How to Make an Herbal Infused Oil (How to Infuse Herbs in Oils for Salves, Soaps, Cooking & Remedies)
If you want to make herbal salves, butters, balms, or culinary oils that double as medicinals, you need to infuse your herbs in oil first! Infusing medicinal and/or culinary herbs in oil is an excellent way to extract the medicinal components of the herb for use in your body care or culinary creations.
You’re going to love infusing herbs into oils! They are beautiful, and you can easily use the powers of herbs in this way. Here are the basics on how to make an herbal infused oil.
There are some important details you’ll need to know, but otherwise, infusing herbs in oil is simple, fun, useful, and interesting.
Why Infuse Herbs in Oil?
First of all the health benefits of natural oils infused with the powerful qualities of medicinal herbs for different reasons are many and varied.
Herbs such as calendula are extra soothing to the skin and are even often used in cosmetic commercial products because they are so helpful! Lavender affects your emotions positively, while adding a light antiseptic quality to the salve---great for acne or disrupted skin. Just two examples!
You can create an herb-infused oil that will do many different things, depending on the properties of the herbs you use. Some common properties of various herbs I use include being anti-microbial, skin soothing, anti-inflammatory, demulcent and calming, detoxifying, hemostatic, and SO many more.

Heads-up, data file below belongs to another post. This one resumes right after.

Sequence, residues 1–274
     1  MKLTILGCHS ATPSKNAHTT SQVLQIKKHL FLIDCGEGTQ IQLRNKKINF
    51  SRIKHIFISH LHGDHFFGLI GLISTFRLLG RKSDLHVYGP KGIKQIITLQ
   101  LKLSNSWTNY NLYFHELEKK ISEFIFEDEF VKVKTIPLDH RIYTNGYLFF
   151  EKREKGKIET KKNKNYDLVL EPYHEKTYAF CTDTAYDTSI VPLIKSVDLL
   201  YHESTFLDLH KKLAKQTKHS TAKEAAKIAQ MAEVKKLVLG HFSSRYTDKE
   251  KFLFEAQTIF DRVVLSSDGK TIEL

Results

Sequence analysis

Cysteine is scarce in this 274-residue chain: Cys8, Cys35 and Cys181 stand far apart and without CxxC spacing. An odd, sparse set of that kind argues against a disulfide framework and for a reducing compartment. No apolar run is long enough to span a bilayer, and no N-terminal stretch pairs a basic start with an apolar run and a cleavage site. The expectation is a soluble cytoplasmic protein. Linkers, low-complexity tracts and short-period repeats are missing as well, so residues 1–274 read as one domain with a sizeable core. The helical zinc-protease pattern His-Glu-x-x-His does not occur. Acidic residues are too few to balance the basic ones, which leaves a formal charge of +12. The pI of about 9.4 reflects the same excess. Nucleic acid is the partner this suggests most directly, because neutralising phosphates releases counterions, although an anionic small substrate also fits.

I'm not going to go in depth on the qualities of different herbs in this post--that would be too long for one article.
**If you are interested in a particular herb, or a specific use, please leave a comment in the comment section below! In this way, our growing community will all benefit! OR feel free to request to join the private Facebook group: Practical Herbs with Heidi.
Herb infused oils are great to use for soap making, salves, body oils, and body butters. They are also wonderful for culinary use as long as both the herbs used and the oil are both edible.
Plus, they look pretty cool on your shelves too. I always get asked, "What is that?" with fingers pointing toward my herbal infusions. I love to explain, and people are always impressed with them!
Here's how to make a perfect infused herbal oil.
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You may also be interested in my series on How to Start Using Herbs. There are over 10 articles that will give you an excellent foundation to get started.
Here is Part 1 on How to Start Using Herbs (Which Herbs to Start With, Herb Safety, How to Source, Dry, and Store Medicinal Herbs), and you’ll find the links to the other completed articles over there too!
What You Need to Make Herb Infused Oils
1) You'll need your herbs!
If you are not sure what herbs to use for what, you can check out some great herbal resources...or shoot me an email or comment below! You can also find out which are the best herbs to use in your handmade body care products right in this link.
For now, here are a few links to books I use a LOT and highly recommend for wonderful recipes for making products with infused oils:
Rosemary Gladstar's Medicinal Herbs, Dina Falconi's Earthly Bodies & Heavenly Hair, and Organic Body Care Recipes by Stephanie Tourles. Jan Berry's new book, 101 Easy Homemade Products for Your Skin, Health, & Home, is another favorite of mine! All of these have the author's ideas for which herbs to use for what.
You can also check out my eBook, Herbal Salves, Oils, Butters, & Balms for my favorite recipes you can make and keep on hand for medicinal and beauty uses.